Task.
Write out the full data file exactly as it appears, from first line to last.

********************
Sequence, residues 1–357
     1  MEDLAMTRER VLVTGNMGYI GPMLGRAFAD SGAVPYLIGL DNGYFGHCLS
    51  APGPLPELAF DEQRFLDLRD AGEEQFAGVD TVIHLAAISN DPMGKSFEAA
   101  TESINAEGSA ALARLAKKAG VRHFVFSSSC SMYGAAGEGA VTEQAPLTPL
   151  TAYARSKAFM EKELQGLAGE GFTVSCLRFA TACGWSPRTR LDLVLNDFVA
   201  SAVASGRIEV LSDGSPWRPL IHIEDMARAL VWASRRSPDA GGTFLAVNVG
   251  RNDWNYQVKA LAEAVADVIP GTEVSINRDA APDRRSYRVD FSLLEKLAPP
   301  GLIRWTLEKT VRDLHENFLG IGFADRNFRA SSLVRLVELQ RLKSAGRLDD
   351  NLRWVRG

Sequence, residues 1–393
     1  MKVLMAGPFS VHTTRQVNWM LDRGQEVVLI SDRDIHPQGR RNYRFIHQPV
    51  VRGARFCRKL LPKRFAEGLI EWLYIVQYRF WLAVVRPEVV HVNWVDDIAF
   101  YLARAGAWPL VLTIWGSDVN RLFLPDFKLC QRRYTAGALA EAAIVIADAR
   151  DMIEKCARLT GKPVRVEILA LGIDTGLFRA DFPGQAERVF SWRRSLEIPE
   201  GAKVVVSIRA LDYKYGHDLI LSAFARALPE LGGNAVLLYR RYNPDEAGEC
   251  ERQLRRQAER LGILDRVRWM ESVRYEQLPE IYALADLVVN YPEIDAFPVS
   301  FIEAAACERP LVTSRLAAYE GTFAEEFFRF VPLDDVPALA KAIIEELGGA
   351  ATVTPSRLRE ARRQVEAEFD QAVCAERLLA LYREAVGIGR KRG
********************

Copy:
Sequence, residues 1–357
     1  MEDLAMTRER VLVTGNMGYI GPMLGRAFAD SGAVPYLIGL DNGYFGHCLS
    51  APGPLPELAF DEQRFLDLRD AGEEQFAGVD TVIHLAAISN DPMGKSFEAA
   101  TESINAEGSA ALARLAKKAG VRHFVFSSSC SMYGAAGEGA VTEQAPLTPL
   151  TAYARSKAFM EKELQGLAGE GFTVSCLRFA TACGWSPRTR LDLVLNDFVA
   201  SAVASGRIEV LSDGSPWRPL IHIEDMARAL VWASRRSPDA GGTFLAVNVG
   251  RNDWNYQVKA LAEAVADVIP GTEVSINRDA APDRRSYRVD FSLLEKLAPP
   301  GLIRWTLEKT VRDLHENFLG IGFADRNFRA SSLVRLVELQ RLKSAGRLDD
   351  NLRWVRG

Sequence, residues 1–393
     1  MKVLMAGPFS VHTTRQVNWM LDRGQEVVLI SDRDIHPQGR RNYRFIHQPV
    51  VRGARFCRKL LPKRFAEGLI EWLYIVQYRF WLAVVRPEVV HVNWVDDIAF
   101  YLARAGAWPL VLTIWGSDVN RLFLPDFKLC QRRYTAGALA EAAIVIADAR
   151  DMIEKCARLT GKPVRVEILA LGIDTGLFRA DFPGQAERVF SWRRSLEIPE
   201  GAKVVVSIRA LDYKYGHDLI LSAFARALPE LGGNAVLLYR RYNPDEAGEC
   251  ERQLRRQAER LGILDRVRWM ESVRYEQLPE IYALADLVVN YPEIDAFPVS
   301  FIEAAACERP LVTSRLAAYE GTFAEEFFRF VPLDDVPALA KAIIEELGGA
   351  ATVTPSRLRE ARRQVEAEFD QAVCAERLLA LYREAVGIGR KRG